“With today’s social media, we are constantly being photographed, by photographers, people in the street and friends. It is spread across the world through Facebook, Instagram, Tumblr etc. We sign away agreements on iTunes and YouTube without even a thought as to what the fine print says, so long as we get to share what we want to – show the world as soon as possible.

“So what happens when you get a letter through the post one day telling you you’re being sued on the grounds of copyright ownership? (Yep this is happening to me right now). “What ownership? How does that work? It’s my body right?” I’m here to tell you in UK law, this might not be entirely true.

“A copyright gives the creator of an original work exclusive rights to it, usually for a limited time. Copyright may apply to a wide range of creative, intellectual, or artistic forms, or “works.” Copyright does not cover ideas and information themselves, only the form or manner in which they are expressed. Does copyright law extend to tattoo artwork? It would appear to (1) contravene privacy and image rights; (2) prevent freedom of expression under article 10 of the Human Rights Act 1998 – receiving and wearing a tattoo is akin to a choice of wearing a particular hat or having a particular hair colour; and (3) be inconsistent with the trade practice and customs of the UK tattoo industry. All UK legislation must be read to give effect to the rights established under the HRA.

“I have seen the latter first hand on paper from a lovely legal team. Things have now been settled out of court and all in the name of greed, unfortunately. This will now be a case that can arise again and, if it does, I’m here to spread the word of Human Rights. No one owns your tattoo, but you do own your body. We as artists have a right to be proud of what we have created and will want to share this with the world – same as you! However the art piece we have personally drawn up is owned by the artist, but when we bring into question the ownership of an actual tattoo, custom made or otherwise, that is when the lines are blurred and the law has no solid legislation.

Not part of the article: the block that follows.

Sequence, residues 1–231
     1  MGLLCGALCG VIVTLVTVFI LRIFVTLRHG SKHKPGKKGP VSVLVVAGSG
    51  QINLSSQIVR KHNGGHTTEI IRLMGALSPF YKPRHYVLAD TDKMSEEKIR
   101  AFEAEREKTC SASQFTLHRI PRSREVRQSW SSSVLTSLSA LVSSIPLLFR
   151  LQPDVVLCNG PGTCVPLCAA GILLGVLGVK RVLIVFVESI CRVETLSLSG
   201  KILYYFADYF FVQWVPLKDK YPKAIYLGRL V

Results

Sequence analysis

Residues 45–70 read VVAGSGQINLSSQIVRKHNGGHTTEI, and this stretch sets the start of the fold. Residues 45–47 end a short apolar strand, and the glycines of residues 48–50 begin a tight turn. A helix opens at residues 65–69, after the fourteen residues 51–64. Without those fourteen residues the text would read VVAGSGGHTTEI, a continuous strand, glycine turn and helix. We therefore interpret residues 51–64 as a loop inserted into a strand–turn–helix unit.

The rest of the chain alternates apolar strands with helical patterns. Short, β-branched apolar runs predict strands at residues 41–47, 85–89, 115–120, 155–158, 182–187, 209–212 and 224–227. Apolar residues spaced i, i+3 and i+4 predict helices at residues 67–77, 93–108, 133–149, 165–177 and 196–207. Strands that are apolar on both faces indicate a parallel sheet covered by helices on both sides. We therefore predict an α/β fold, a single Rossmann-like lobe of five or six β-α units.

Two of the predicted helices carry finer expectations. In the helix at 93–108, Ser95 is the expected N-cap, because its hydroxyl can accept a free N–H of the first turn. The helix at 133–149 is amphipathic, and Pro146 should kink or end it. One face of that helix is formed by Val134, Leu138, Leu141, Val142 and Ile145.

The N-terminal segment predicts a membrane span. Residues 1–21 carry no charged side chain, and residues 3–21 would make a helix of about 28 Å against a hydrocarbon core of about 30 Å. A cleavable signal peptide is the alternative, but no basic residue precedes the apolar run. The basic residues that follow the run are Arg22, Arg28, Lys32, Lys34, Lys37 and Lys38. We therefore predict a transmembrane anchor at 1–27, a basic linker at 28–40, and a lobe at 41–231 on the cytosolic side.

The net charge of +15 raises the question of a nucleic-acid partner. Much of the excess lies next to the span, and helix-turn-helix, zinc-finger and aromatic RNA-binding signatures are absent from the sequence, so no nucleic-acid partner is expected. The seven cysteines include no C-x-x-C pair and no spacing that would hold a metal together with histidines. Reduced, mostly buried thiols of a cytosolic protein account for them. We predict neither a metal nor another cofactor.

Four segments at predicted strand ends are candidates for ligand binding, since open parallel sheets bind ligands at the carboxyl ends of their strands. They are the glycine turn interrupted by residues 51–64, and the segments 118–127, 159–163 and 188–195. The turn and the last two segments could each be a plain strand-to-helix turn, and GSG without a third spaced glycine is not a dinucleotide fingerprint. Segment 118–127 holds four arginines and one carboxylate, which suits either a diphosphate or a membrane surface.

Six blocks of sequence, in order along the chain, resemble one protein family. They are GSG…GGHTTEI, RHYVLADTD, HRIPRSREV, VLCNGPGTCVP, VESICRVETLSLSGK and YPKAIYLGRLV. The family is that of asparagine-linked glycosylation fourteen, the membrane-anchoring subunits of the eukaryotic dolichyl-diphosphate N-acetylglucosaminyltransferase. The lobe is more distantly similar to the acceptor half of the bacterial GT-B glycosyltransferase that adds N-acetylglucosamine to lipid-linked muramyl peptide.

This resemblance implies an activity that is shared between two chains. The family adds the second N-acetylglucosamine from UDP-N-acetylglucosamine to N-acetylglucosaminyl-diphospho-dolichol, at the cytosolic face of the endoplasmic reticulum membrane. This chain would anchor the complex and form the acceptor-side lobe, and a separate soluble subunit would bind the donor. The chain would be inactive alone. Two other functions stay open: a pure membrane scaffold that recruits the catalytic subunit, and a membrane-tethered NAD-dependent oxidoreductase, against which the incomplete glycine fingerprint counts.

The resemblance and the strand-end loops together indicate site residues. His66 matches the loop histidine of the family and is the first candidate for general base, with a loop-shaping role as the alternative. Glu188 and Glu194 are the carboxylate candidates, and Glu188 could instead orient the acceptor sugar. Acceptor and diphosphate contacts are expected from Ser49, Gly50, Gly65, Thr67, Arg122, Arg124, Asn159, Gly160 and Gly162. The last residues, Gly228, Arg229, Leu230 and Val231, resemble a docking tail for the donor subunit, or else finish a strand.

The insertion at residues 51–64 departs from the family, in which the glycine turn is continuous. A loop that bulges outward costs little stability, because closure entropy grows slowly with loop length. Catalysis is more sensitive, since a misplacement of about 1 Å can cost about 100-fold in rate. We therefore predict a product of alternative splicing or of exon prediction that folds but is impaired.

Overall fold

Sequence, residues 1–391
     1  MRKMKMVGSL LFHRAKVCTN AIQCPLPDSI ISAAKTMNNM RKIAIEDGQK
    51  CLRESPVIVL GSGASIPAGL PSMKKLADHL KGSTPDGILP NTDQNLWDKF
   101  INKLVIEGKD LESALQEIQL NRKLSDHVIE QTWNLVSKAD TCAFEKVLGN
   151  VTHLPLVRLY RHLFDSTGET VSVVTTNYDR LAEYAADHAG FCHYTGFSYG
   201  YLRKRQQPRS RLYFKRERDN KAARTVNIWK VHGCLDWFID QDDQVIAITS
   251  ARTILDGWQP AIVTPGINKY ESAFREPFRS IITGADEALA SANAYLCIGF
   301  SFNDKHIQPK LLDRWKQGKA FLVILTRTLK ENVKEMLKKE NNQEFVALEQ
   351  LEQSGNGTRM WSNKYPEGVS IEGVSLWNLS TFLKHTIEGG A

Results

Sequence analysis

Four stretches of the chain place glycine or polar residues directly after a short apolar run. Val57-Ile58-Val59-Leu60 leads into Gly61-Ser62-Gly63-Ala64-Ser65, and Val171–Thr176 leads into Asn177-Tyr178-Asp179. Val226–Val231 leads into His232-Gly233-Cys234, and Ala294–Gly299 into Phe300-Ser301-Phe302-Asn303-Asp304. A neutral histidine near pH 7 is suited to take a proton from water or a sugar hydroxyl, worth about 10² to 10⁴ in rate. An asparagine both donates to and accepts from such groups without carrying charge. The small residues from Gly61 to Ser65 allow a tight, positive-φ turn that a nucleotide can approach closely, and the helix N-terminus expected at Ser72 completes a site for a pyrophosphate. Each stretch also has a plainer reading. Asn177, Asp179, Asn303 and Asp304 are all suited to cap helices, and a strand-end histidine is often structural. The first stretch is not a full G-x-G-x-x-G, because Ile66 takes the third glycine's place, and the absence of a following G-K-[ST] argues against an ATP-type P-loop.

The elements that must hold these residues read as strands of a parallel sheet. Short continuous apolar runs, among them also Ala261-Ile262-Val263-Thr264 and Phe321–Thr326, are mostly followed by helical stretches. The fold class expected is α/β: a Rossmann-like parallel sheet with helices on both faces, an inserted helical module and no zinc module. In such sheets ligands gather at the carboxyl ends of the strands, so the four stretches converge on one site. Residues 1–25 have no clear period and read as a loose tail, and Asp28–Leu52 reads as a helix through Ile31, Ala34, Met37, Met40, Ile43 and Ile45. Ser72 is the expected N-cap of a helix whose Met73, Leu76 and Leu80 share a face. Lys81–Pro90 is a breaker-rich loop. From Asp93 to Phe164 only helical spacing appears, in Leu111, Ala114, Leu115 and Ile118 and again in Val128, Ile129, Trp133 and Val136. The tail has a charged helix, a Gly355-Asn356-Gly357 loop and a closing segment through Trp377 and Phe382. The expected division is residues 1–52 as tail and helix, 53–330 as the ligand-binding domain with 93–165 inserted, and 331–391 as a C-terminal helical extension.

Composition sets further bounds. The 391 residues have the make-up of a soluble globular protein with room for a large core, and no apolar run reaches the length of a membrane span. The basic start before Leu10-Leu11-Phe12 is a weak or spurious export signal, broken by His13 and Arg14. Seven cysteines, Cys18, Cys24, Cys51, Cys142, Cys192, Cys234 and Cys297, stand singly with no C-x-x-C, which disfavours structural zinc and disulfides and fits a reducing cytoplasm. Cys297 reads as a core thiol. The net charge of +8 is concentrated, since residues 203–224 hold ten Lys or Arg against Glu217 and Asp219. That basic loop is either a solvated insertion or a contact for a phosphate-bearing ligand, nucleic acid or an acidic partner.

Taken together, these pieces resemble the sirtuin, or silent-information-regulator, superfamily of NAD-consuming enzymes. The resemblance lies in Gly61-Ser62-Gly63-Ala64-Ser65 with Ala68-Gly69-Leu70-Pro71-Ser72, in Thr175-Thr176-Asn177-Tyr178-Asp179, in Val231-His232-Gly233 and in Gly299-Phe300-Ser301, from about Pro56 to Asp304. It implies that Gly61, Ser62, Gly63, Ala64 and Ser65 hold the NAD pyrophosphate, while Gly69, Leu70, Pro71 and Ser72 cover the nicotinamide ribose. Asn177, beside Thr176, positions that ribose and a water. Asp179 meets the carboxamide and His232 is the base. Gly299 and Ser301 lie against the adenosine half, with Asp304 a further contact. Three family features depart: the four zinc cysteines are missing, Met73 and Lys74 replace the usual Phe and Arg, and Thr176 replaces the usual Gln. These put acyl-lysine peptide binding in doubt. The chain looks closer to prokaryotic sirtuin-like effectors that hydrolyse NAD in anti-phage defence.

“Unfortunately I don’t have a real conclusion in this article. All I can say is we are very lucky to be in an era of tattooing where we can request custom work. There will always be amazing artists with something unique to offer, a personal touch of style along with amazing all rounder tattooers (I’m still blown away by these people), but we are also now in a time where there is nothing new. We are inspired by the forefathers of tattooing and everything around us.” ❦

Part Three – Mindful Wanderlust Vegan Travel Diary

Our guest blogger is Giselle, creator of Mindful Wanderlust – a travel blog about responsible travel, tattoos, and following a vegan lifestyle. This is the third of many posts to appear on th-ink, telling of her and her husband Cody’s travelling tales. If you have missed their previous travel posts catch up and read Part Two and Part One

 

We made it to Tokyo! Before we even booked our flights to Japan I knew it was a country I really wanted to get tattooed in, so I spent some time back in Canada researching different artists.

After taking a look at their consistently beautiful bold artwork, I decided on American traditional for the design, I chose to go with the guys at Inkrat Tattoo in Tokyo. Rei is the owner of Inkrat Tattoo, and has been tattooing for over 22 years.  His shop is covered in art, new and old, and original flash from the 1950s hangs on the walls.

  I couldn’t stop picking out all of the pieces I wanted.

Prior to arriving at Inkrat I decided on a geisha and left the design up to Rei. I thought, “Other than a Sumo wrestler, what’s more Japanese than a geisha?” It’s the perfect souvenir from Japan.

I learned something very interesting and new about Japanese tattoo etiquette (or at least Rei’s tattoo etiquette) at the shop that day. Before arriving for my tattoo appointment, I was asked where I wanted the tattoo, and I said on the outside bottom of my left leg.